FOR IMMEDIATE RELEASE
Running from December 1st – December 10th, ISHKAR’s
Baker Street concept store is designed to inform, surprise
Returning from Afghanistan after living there for three years, two
young entrepreneurs – Flore de Taisne and Edmund Le Brun -
founded ISHKAR, a social enterprise selling the result of
collaborations between top international designers and craftsmen in
Their first ever pop-up shop in Baker Street’s ‘The Koppel Project’,
features pieces entirely made in Afghanistan, ranging from a carpet
designed by Zaha Hadid, right through to a dazzling pyramid of glass
from Afghanistan’s last remaining glass workshop.
In their curated collection high-end jewellery pieces designed by
British designers Pippa Small and Alice Ciciolini sit alongside hand-
felted slippers made by craftsmen in the mountains of central
Afghanistan. The collection is diverse, but united in its message.
In the wake of Brexit, Donald Trump’s election and a mounting
refugee crisis in Europe, ISHKAR believes that it’s never been more
important to show sides to countries like Afghanistan which are
rarely seen in the news. That’s why their concept store is more than
just a shop: the space also includes film and an interactive app
designed to educate viewers about Afghanistan’s rich heritage.
Underpinned by a belief of the power of craft to create positive
social impact, ISHKAR has partnered with West London based
design and build social enterprise, Goldfinger Factory, on the shop fit-out.
Starting with a first collection from Afghanistan, ISHKAR is setting out to become leading brand creating social impact through luxury craftsmanship.
After working for three years in Afghanistan, we came to know many talented craftsmen. Despite the obvious quality of their work, we saw how their lack of access to international markets threatened the future of their trade.
We set up ISHKAR to change this.
Our social impact model is threefold:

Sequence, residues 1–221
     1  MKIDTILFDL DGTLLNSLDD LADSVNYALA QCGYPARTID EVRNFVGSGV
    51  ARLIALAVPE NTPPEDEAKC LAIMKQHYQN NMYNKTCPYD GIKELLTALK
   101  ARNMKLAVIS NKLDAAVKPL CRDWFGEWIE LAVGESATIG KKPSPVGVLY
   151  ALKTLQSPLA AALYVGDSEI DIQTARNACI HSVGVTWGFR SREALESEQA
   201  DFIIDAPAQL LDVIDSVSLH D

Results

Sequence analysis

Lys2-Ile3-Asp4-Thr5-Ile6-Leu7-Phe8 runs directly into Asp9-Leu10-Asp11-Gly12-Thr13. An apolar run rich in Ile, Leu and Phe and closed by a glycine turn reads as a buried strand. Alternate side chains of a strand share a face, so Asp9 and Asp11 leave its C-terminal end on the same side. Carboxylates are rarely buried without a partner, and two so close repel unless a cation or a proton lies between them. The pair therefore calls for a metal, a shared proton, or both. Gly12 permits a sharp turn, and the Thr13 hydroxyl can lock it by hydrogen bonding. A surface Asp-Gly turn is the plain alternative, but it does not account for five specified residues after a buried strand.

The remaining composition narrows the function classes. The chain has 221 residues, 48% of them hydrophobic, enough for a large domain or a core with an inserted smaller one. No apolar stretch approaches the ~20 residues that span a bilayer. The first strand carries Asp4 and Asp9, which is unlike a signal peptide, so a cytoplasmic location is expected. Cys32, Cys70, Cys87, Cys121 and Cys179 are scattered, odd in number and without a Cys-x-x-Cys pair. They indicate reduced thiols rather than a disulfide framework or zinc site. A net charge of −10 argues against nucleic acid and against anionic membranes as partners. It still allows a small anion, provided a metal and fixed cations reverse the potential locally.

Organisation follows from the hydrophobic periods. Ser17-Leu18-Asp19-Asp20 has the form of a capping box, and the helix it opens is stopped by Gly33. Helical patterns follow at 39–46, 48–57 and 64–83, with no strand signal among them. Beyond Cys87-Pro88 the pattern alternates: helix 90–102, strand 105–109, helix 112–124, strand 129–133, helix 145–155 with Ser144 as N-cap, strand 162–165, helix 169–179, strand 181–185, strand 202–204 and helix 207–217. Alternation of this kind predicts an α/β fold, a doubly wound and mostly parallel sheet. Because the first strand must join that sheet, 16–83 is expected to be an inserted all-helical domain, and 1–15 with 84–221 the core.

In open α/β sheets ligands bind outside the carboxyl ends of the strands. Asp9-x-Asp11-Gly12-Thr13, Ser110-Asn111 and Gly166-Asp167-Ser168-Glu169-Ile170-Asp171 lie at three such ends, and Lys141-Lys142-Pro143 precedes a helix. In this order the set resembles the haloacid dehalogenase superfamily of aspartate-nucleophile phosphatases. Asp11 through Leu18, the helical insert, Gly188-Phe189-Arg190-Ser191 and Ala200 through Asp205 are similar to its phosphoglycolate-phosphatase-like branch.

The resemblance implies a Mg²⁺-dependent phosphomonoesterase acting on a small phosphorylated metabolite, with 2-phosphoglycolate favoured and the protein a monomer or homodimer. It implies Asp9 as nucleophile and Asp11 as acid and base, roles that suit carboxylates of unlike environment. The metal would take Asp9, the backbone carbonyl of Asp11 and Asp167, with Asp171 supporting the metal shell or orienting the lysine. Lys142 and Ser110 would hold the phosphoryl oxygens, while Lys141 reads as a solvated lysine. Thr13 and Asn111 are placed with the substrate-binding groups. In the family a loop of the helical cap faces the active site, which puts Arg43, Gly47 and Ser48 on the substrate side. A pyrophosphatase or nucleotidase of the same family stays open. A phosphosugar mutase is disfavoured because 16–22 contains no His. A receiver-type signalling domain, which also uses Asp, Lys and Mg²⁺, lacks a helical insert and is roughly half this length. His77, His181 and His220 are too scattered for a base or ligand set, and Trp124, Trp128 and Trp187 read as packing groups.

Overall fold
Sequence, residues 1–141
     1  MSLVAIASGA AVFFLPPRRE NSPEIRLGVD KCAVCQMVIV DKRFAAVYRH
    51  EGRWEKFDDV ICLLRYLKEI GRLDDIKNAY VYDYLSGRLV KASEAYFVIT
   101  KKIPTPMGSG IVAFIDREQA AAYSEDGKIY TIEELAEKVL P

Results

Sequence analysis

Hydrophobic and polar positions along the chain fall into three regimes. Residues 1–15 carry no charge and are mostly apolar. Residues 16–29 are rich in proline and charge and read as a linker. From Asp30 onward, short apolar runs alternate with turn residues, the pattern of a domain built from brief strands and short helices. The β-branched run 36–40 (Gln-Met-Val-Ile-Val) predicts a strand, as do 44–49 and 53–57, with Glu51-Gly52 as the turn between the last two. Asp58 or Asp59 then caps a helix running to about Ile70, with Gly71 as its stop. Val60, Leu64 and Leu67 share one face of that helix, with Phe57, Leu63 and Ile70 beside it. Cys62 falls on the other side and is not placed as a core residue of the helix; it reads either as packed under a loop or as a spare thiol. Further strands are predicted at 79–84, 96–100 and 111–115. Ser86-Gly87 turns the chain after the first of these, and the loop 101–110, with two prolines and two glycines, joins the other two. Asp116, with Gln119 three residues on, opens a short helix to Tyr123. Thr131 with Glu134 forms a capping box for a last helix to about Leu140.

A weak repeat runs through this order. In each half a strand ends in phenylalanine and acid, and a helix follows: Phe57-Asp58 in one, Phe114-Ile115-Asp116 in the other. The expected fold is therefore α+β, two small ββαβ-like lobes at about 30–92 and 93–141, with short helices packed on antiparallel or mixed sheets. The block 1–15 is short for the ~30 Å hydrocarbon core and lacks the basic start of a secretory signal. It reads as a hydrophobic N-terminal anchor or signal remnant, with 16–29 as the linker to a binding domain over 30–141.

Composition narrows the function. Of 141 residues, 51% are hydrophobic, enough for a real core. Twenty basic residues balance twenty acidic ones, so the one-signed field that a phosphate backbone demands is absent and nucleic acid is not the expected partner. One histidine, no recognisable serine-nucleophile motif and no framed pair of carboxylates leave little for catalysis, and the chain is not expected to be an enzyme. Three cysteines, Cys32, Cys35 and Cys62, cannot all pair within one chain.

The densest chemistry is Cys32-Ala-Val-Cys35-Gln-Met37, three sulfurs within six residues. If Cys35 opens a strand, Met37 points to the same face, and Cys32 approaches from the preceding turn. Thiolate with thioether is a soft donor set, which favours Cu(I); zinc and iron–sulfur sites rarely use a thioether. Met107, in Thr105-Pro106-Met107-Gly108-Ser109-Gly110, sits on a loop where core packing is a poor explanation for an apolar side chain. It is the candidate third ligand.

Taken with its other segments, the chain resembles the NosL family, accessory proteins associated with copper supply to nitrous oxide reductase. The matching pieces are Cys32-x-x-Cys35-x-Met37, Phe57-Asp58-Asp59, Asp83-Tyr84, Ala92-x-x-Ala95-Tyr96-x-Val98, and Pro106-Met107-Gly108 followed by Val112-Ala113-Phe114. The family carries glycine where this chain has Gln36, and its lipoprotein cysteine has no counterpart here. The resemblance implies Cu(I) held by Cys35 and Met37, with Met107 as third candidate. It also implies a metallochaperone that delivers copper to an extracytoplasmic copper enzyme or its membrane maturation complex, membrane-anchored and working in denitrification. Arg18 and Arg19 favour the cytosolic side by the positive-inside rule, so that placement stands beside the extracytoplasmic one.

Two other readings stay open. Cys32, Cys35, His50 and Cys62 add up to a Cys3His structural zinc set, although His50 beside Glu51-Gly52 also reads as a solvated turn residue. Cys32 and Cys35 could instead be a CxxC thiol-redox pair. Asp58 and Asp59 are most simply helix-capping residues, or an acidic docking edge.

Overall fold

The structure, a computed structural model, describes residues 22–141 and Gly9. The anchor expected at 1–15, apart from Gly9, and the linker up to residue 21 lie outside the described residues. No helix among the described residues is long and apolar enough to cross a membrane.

1. The vast majority of our products are purchased through NGOs, ensuring that a proportion of our profits are reinvested back into infrastructural development projects to support the communities from which we buy - providing educational opportunities, health care, and much more.
2. Having chosen only to work with craftsmen whose trade has been adversely affected by warfare, we are providing economic security, fair wages and further business opportunities to those who work in the most dire of economic conditions.
3. By bringing these beautifully handcrafted products to international markets, we hope to shed light on the more positive sides to countries often portrayed as little more as war-zones or "aid-traps" - like Afghanistan. By showcasing the outstanding cultural heritage and quality craftsmanship in such nations, we aim to provide more nuance and understanding to the public discourse, and bring tangible testaments to this heritage into people's homes.
Having garnered the collaboration of premier names such as Frank Gehry, Zaha Hadid, Pippa Small and Hattie Rickards, our products range from the designer - Gehry rugs and Small jewellery - to the truly unique - including glassware crafted by the last remaining Herati glassblower. All, however, are united in their ability to keep alive the cultural and artisanal traditions of Afghanistan.
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